Designed for Downtime: Behind the Scenes of an Island Retreat

On the placid backwaters in Kerala, the lush Kayal Island Retreat offers respite and repose for city slickers

Words by Devi Poojari

9 Jun 2022

Sponsored by

Photograph by Rakesh Anand; Illustration by Ayesha Punjabi

On the shores of the Kakkathuruthu Island, many miles away from the din of traffic, the race of deadlines and the claustrophobic confines of city life, is the Kayal Island Retreat. Kakkathuruthu is a quiet island on Kerala’s Lake Vembanad, a 40-minute boat ride from Fort Kochi. Visitors to the island are greeted by a sweet tropical breeze, swaying coconut trees, and boats gently bobbing on the water. It’s largely fisherfolk and farmers who inhabit the island, where the boutique hotel blends in seamlessly with local life. We asked Maneesha Panicker, the person behind Kayal, who has thought through every little detail here, to take us behind the scenes and talk us through the way things come together before guests are welcomed to this scenic, cosy getaway.

The Rooms

Photograph by Himanshu Lakhwani; Illustration by Ayesha Punjabi

Before you check in, you first have to reach the island. This happens on wooden rowboats, handcrafted specifically for this purpose — compared to fishing rowboats, these have a wider base and cut through water slower so that it’s a more comfortable ride. Meanwhile, at the island, the staff is busy readying the four-cottage property — each with its own room — for new guests. The architecture here is inspired by old Keralan homes with tiled roofs, white walls, thazapa (screw pine) mats, and locally sourced repurposed furniture. Open spaces with few walls act as reminders to breathe easy. Comfort takes top priority inside each cottage. The crisp bed linen and bathrobes in the rooms are made from the same sort of breathable, locally grown cotton that mundus — a traditional garment worn around the waist by people in Kerala — are made out of. The open-to-sky bath garden outside the cottage allows for starlit showers, and thoughtful notes encourage guests to enjoy their well-deserved time off and slow down. The artwork in each of the rooms mirrors the life of the people on the island — artists from across Kerala are invited each year to stay at the property, get a feel of the locals’ life and create these pieces, whether it is a series of photographs or paintings. Each of the cottages open up to the calm, green backwaters of the lake, with sunbeds by the shore, where guests can relax after a refreshing swim in the lake.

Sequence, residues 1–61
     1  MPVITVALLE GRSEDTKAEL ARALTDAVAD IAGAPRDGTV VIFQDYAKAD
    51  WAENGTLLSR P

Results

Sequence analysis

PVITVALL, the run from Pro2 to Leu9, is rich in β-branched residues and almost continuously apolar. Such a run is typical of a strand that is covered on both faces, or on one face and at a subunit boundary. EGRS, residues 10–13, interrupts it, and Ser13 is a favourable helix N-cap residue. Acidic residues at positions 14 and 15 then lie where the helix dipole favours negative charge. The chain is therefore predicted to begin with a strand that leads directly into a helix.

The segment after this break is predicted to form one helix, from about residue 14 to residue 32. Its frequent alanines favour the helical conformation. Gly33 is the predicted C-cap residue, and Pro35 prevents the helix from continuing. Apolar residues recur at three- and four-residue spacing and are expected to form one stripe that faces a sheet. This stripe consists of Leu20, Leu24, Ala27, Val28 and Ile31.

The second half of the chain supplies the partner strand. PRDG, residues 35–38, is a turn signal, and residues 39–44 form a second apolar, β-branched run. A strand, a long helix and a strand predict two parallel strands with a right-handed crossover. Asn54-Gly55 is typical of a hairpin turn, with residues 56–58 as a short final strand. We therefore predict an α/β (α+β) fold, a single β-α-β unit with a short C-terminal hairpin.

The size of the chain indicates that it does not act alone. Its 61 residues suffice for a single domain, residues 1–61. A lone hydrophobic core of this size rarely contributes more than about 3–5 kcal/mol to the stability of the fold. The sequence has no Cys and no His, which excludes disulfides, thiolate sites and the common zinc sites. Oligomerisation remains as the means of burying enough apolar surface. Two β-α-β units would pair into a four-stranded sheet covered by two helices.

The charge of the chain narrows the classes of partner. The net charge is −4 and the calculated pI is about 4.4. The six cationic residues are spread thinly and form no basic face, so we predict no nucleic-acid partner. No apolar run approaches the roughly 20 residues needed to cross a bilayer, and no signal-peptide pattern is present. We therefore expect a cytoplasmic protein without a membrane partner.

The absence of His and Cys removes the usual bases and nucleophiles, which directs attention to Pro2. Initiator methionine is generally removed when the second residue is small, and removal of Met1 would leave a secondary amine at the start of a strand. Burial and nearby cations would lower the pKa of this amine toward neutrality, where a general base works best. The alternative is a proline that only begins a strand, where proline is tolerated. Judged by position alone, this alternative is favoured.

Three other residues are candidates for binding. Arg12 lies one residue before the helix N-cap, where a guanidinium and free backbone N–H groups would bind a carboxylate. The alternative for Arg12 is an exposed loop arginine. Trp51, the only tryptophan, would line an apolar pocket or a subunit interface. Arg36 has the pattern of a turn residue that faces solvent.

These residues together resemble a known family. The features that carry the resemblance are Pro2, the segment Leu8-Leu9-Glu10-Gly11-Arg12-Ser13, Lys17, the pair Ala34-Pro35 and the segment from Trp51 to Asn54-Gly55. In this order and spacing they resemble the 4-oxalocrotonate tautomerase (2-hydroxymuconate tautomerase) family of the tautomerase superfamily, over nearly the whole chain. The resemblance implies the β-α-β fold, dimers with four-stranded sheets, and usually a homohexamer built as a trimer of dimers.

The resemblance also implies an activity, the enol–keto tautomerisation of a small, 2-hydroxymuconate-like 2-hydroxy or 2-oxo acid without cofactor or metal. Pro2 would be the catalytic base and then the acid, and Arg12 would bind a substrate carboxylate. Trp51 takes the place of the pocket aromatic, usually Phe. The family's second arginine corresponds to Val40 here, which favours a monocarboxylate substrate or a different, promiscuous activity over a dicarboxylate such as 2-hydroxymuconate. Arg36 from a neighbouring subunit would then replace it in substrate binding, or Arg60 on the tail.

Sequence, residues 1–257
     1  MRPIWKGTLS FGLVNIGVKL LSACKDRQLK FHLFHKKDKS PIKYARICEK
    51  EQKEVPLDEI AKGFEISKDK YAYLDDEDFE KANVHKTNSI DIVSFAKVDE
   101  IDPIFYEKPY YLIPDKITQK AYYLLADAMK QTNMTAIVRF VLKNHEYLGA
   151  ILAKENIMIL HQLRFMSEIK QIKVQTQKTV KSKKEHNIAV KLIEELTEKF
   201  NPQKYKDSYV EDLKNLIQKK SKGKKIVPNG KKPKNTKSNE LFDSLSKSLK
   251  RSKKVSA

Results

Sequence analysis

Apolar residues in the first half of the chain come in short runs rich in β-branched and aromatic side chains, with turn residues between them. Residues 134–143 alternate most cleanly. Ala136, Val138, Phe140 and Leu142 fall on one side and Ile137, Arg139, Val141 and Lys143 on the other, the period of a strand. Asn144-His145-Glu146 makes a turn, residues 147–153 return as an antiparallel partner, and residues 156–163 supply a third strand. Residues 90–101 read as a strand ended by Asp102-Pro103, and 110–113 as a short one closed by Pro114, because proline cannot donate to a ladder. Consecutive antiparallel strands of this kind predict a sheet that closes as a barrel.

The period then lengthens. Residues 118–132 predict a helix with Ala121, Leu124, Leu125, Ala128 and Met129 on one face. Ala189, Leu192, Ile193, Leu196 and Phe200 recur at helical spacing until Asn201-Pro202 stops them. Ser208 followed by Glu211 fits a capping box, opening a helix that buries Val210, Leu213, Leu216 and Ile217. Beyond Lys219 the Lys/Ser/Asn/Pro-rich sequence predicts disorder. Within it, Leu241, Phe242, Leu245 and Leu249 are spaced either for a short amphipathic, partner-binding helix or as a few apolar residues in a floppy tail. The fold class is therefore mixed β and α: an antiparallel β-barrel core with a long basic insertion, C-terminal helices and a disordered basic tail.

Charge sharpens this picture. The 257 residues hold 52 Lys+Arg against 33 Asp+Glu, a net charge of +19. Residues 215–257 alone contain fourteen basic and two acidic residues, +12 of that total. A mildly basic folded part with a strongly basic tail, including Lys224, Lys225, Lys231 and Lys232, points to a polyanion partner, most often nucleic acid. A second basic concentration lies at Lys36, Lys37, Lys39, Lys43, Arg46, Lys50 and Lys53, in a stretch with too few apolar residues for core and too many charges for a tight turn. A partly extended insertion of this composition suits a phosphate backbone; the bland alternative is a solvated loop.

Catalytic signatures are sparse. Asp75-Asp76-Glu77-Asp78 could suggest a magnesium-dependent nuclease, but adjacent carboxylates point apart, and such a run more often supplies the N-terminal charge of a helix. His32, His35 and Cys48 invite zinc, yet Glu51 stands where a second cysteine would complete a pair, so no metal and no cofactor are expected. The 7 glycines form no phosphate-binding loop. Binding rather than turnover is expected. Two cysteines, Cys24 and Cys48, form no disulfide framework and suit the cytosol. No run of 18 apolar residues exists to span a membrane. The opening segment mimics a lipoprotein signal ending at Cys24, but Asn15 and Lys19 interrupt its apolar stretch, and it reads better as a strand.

The Sourcing

Photograph by Himanshu Lakhwani; Illustration by Ayesha Punjabi

A large part of slow living involves making conscious choices. At Kayal, ingredients are sourced from as close to the island as possible. These ingredients introduce the best the island has to offer and are staples in the local cuisine — raw and ripe bananas, kodampuli (Malabar tamarind), toddy and of course, seafood. To see exactly how fresh and sustainable sourcing on the island is, guests are encouraged to participate in the process by visiting the local fish auction or assisting the toddy tapper. Crabs, prawns, clams, pearl spot fish, and other seasonal fish are commonly found in the waters around here. Between January and April, clams grow at the bottom of Lake Vembanad, making it clam-diving season. During this season, clam divers swim with baskets about 20 to 30ft deep to catch clams from the lake bed. Many women from the village on the island are skilled clam-divers; most of them — the oldest is currently 86! — have been doing this all their lives.